Fred Thompson (May 21, 1933 – January 22, 2019) was an American lawyer and track and field coach. A graduate of Boys High School, where he was a track athlete, City College of New York and St. John's University School of Law, he was an Assistant Attorney General of the State of New York from 1967 to 1969. As a coach he founded the Atoms Track Club in 1963.

Athletics coaching career

Prior to Title IX, athletic opportunities for boys were plentiful, while girls were left out, particularly at the scholastic level. Out of frustration, Thompson created a program in a Bedford-Stuyvesant community center in Brooklyn.[1] His team of 40–50 girls, age 9 and up, practiced in hallways and jumped fences into schoolyards after dark in order to train; later, the Pratt Institute made facilities available.[citation needed] In 1974, Thompson founded the Colgate Women's Games.[citation needed]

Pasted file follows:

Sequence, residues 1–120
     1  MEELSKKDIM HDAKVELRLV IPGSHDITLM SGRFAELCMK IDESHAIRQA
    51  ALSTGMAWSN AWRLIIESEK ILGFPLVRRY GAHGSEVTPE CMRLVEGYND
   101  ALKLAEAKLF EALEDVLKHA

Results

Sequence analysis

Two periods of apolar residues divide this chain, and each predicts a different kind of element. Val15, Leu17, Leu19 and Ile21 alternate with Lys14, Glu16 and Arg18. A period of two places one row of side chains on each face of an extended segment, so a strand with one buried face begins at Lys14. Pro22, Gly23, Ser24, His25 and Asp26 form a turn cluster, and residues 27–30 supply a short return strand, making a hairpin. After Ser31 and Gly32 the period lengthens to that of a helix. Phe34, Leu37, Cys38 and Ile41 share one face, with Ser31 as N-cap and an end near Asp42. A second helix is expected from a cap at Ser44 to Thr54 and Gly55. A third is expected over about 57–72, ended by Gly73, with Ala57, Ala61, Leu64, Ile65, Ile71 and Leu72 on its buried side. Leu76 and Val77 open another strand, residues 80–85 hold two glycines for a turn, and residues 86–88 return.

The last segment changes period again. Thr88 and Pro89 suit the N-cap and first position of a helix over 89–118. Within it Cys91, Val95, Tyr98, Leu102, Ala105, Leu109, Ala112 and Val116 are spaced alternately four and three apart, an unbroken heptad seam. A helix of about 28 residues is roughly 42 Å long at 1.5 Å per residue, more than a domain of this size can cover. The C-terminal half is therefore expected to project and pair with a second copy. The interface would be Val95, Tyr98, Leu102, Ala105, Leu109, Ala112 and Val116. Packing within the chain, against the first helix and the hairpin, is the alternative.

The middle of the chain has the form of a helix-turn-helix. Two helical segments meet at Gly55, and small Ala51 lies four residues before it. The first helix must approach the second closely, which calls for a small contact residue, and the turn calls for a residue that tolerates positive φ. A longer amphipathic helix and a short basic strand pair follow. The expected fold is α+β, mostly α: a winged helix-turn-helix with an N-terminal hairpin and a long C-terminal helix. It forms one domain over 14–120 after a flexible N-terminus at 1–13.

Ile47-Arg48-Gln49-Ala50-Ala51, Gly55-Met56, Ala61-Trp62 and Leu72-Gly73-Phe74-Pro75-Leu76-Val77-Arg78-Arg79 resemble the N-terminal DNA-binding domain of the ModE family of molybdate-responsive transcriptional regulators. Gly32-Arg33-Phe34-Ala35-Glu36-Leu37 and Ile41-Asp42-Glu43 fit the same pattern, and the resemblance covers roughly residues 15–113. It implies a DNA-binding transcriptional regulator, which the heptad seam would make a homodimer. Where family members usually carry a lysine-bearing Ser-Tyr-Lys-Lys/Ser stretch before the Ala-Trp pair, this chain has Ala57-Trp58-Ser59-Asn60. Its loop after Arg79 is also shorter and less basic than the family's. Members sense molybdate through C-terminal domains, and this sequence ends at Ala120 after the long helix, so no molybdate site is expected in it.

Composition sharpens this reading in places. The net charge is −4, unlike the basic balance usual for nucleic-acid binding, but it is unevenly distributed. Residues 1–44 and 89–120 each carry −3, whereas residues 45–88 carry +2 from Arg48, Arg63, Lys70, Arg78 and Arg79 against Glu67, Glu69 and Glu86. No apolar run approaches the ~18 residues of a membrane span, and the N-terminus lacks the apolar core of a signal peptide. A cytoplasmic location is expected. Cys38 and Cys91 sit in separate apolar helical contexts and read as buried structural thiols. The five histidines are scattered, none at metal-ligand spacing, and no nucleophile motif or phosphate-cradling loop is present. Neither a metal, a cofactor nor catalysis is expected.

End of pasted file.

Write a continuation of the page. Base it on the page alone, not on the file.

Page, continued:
Among Thompson's success stories were Olympic silver medalist Cheryl Toussaint; Gold and Silver medalist Diane Dixon, who was also two time World Indoor Champion; and silver medalist Grace Jackson who finished second to Florence Griffith-Joyner's 200 meter world record.[2] In 1988, Thompson was a coach for the U.S. Olympic Team.

In 2019, Thompson was elected into the National Track and Field Hall of Fame.[3]


  1. ^ Amdur, Neil (February 1, 1972). "Atoms Club Mapping Road to Munich". New York Times.
  2. ^ McFadden, Robert D. (January 24, 2019). "Fred Thompson, Who Championed Women in Track, Dies at 85". New York Times.
  3. ^ "USA Track & Field | Fred Thompson".